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The United States women have the chance to maybe make history this weekend at the Pan-Am Games in Toronto. It’s tough to tell if the Eagles have won back-to-back tournaments before, and if so when, as the all-time women’s 7s records aren’t tidy and easy to find, but if they take gold on the weekend they’ll have two-consecutive tournament wins for the first time since at least 2011, if not ever.
Prior to the Olympic qualifier last month in Cary, N.C., in which the Eagles slaughtered all comers and pasted 88 points on Mexico in the final, their last tournament win was 2012 in Guangzhou, China. That tournament served as a precursor to the inaugural women’s World Series which kicked off a month later.
They finished second to Canada in the Amsterdam in the spring of 2012. Had they beaten their northern rivals in that game, the Guangzhou win would have made it two in a row. Canada again stands in the Eagles’ way in Toronto.
With only six women’s teams competing, everyone will play each other in a round-robin Saturday and Sunday, with the top two teams facing off again for gold on day two. So the Eagles will play Canada at least once, and hopefully a second time in the final.
“That’s the hope. You never want to play too far ahead, especially when it comes to big events like this because anything can happen, but we definitely look forward to playing Canada,” said captain Kelly Griffin. “They’re a really great team. We feel that we match up well against them, and this time around we’re hoping we can play our game and come out on top.”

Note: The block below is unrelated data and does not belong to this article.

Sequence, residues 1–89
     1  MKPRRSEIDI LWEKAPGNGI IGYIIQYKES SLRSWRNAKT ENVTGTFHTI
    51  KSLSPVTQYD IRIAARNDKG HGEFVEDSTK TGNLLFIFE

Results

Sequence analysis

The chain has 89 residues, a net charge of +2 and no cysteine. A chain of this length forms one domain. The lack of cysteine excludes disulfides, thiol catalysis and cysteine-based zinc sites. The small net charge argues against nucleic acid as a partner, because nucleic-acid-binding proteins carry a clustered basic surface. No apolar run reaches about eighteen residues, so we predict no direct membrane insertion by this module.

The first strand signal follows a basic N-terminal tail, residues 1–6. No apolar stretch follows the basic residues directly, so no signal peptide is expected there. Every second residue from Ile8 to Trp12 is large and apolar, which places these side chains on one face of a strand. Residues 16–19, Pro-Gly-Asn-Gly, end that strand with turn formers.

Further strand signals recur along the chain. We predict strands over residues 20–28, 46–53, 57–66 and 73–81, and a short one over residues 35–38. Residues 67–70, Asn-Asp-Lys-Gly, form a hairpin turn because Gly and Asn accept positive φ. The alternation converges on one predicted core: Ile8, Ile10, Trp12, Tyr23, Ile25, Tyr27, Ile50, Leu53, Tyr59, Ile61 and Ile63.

Griffin’s charges went 1-4 against Canada last season. Outside of a 36-0 loss in Dubai, all of the matches were decided by a try or less.
“We’ve only beat them once, so when we beat them it was pretty awesome, and when we lose it usually hurts pretty bad,” said Lauren Doyle of the Canadians. “I mean, our coach is from Canada, so there’s always that added pressure. It’s a great rivalry.”
Mexico is likely going to be cannon fodder for the USA and its contemporaries this weekend, but the women’s field includes four Olympic qualifiers in the Eagles, Canada, Brazil and Colombia. Mix in the formality of the opening ceremony, the bells and whistles of the athlete’s village and all of the other Pan-Am trimmings, and this weekend is a good appetizer for next summer’s Rio Games.
“There’s a lot of excitement with all the other sports and the extra kind of hype and pomp and circumstance that goes with it,” said Griffin. “We want to take in the atmosphere and enjoy it, but take the positive energy from it and let that fuel us and not form any jitters or anxiety. When we get on the on the field it’s just another rugby game and we have to just focus in on the fundamentals and playing our game.”
“I think going into this tournament we are very calm and relaxed and it’s all about having fun,” added Doyle. “You can’t forget to have fun when you’re playing sports, especially when it’s your job. We are very relaxed, and practices have been chill but to the point, so I feel really good about it.”